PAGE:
Data Meets the Judicial System: Introducing PlainSite Motion Sensor and Attorney Finder
We're putting the law in plain sight. And the people behind it, too.

October 2, 2013


In April, 2013, Owen Byrd of Lex Machina wrote a short paper comparing the legal system to Moneyball, the movie starring Brad Pitt based on Michael Lewis's book of the same name. In Moneyball, a backwards baseball team beats the odds by betting on the power of statistics. In a world where managers and players are accustomed to reliance on "gut feelings" and personal experience, this unusual strategy seems to many to be a sure way to fail. Miraculously, (spoiler alert!) there's a happy ending.

Byrd's comparison to the legal system is more than apt. Almost a century ago, Franz Kafka portrayed a legal system in The Trial as a mysterious, byzantine labyrinth where the arbitrary whims and musings of self-appointed wise men could and did destroy the lives of others. Arguably, not much has changed. Many would advise that the best way to handle a tricky legal situation is to find someone who has been there before—but how does one really know for sure if the expertise professed by an attorney is genuine? And how could one really be certain that an attorney's personal opinion about a judge's likelihood of ruling one way or another is actually substantiated?

In short, for as long as there has been a legal system, one hasn't known much at all. There has never been clear and consistent data about particular lawyers or judges made available to the general public to analyze and act upon. Until now.

PlainSite is proud to announce Motion Sensor, the result of years of work systematically reducing more than 33 million federal docket entries (which started out with Aaron Swartz's PACER data dump) to useful data about the behavior of our federal courts. Motion Sensor accomplishes three main things:

  1. Attorneys can be analyzed according to their motion success rates, broken down by the type of motion submitted.
  2. Judges can be analyzed according to their past actions ruling upon motions, again according to motion type.
  3. Macro-level trends can be deduced from data analysis on district or wider levels. For example, we could analyze the success rates of pro se litigants attempting to amend complaints when compared with Fortune 1000 companies or small businesses, broken down by federal district. Or we could take a look at whether politically liberal judges are really more liberal in the courtroom.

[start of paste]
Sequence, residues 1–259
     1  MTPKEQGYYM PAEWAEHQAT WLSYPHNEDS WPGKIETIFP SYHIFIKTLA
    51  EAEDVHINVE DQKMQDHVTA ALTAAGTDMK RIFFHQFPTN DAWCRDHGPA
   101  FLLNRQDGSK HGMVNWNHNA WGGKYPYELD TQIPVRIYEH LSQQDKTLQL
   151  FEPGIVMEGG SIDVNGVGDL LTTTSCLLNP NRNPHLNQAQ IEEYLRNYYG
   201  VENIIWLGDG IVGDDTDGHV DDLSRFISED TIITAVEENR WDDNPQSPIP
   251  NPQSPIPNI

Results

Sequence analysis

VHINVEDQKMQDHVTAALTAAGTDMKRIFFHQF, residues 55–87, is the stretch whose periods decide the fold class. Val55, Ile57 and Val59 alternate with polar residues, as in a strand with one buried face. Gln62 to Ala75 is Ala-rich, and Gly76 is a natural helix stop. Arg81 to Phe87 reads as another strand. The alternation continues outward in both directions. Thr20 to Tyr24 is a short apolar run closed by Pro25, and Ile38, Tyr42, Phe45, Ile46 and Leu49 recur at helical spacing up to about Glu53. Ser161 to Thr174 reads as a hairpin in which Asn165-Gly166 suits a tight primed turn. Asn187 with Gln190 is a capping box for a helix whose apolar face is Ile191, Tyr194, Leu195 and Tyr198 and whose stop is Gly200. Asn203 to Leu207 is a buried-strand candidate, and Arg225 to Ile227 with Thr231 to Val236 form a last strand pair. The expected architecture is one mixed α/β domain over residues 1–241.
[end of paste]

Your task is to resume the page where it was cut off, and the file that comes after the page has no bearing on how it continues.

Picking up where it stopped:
We have already updated attorney profiles on PlainSite with their motion success rates where applicable. And that's not all.

We're also introducing our own Attorney Finder, which uses the data in our system to actually find the best attorney for a given litigation need. Do you want someone who specializes in trademark disputes? Traditionally, prospective clients have had to rely upon advertising. Now, they can find the attorneys who have been most successful in the courts already. Pro and Pro Se subscribers can narrow their search to focus on those who have practiced before a certain judge.

There has been considerable talk lately about the numerous ways technology might change the legal system. It's a vast system, laden with opportunity of all kinds for technologists, but we believe that with Motion Sensor we can truly say that the hypothetical "change on the horizon" is finally here. Technology has breached the inner sanctum of law's castle. In the days ahead, it will be much harder for legal practitioners to hide the workings of their strange system from those it is intended to serve. And some may realize that they have been hiding it not just from their clients, but from themselves and from each other.

We look forward to seeing how people use PlainSite in the days ahead. We're just getting started.

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